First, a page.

Thank you Coffee Time Romance! This was my first review for Access Denied and my first review as a professional writer. I fully admit I squealed with delight and hopped up and down like a much younger woman. Check out the entire review at

More Reader Reactions:

Anny Cook, one of my favorite writers, took the time to review Access Denied. I was truly thrilled and humbled.

Two more Cerridwen Press and Ellora's Cave authors took time to give Access Denied a bit of attention. Please check out their blogs.

Book Review: The God Eaters.

The God Eaters
Jesse Hajicek
Buy it here

Their world is a dangerous place for anyone who doesn’t blindly spout the theocratic dogma of Dalan. Ashleigh Trine learns this lesson the hard way when he’s convicted of heresy and sent to prison. But things are even worse yet if you don’t happen to be Eskaran and Kieran Trevarde’s entire life has been the hard way. Convicted of multiple murders for which he shows no remorse, he finds himself on the same transport as the tiny, frail and scholarly Trine. Becoming the boy’s protector serves two purposes. It gives him an outlet for his rage as he pounds his way through anyone in the cell block that insults Trine and brings him closer to the young man he desires though he’s sworn he will not act upon those desires.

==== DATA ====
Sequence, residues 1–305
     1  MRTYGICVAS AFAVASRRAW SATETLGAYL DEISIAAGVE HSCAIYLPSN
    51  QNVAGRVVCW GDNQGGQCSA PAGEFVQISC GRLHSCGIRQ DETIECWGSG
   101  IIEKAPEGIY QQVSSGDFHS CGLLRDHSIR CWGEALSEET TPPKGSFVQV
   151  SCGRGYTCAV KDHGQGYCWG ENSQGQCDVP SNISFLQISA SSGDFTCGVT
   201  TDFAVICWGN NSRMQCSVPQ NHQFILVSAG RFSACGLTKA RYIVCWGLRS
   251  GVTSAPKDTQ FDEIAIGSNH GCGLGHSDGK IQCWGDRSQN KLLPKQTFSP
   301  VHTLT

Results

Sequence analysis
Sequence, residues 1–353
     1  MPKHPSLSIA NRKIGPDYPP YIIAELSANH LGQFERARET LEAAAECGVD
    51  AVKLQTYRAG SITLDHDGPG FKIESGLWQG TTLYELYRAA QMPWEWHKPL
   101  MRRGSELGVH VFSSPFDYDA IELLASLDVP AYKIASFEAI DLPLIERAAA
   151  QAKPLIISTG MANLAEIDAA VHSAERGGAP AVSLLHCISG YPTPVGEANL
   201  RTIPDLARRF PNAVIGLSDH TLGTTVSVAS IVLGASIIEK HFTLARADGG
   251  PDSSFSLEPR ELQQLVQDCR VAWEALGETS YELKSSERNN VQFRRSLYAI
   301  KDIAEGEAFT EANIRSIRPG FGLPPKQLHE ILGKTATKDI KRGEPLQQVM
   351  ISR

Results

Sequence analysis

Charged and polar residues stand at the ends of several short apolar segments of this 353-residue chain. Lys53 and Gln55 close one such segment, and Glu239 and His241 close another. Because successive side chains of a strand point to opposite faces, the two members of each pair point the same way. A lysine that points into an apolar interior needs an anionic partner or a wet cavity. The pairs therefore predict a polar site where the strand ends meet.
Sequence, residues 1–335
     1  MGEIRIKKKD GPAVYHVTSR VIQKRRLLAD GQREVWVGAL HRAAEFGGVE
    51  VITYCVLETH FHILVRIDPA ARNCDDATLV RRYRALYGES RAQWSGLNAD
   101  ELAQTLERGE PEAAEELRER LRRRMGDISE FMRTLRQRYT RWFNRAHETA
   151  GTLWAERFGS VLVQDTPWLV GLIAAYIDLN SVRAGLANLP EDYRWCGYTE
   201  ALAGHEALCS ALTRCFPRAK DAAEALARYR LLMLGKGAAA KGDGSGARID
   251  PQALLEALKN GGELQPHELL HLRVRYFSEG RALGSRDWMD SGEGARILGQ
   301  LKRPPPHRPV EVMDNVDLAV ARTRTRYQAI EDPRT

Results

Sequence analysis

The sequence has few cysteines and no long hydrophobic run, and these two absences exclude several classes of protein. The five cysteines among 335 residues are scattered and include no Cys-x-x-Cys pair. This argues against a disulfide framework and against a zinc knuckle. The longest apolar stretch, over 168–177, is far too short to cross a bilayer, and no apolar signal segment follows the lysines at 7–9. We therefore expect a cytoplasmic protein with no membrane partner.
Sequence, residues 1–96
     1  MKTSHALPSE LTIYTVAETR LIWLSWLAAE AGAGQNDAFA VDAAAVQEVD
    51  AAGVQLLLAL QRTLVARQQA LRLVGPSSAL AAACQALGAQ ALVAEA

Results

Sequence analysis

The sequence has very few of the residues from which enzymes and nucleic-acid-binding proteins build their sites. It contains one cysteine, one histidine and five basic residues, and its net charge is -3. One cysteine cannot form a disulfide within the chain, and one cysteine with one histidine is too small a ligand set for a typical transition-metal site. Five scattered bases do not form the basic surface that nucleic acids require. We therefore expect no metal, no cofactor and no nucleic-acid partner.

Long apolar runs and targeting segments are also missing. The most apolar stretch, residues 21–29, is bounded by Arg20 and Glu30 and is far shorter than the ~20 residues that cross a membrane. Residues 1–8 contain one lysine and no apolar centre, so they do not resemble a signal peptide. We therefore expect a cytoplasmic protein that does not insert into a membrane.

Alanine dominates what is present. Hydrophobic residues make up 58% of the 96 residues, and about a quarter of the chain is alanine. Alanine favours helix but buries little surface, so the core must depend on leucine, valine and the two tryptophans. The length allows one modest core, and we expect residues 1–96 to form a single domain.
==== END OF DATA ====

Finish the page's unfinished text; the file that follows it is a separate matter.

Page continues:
The God Eaters is a wonderful novel. The characters are incredibly drawn and developed. True Ashleigh is highly annoying at first with his weakness that would have earned Hajicek angry letters from feminists had he been a female character, but the growth of the character is believable and satisfying. Kieran is the quintessential dark, brooding, dangerous romantic hero. And that’s really what this book is. A delightful romance wrapped in a creative and inventive fantasy plot filled with magic, gods, evil, politics, social injustice and –at the end especially– some good old-fashioned action.

Self published books are often more expensive but this book is well worth it.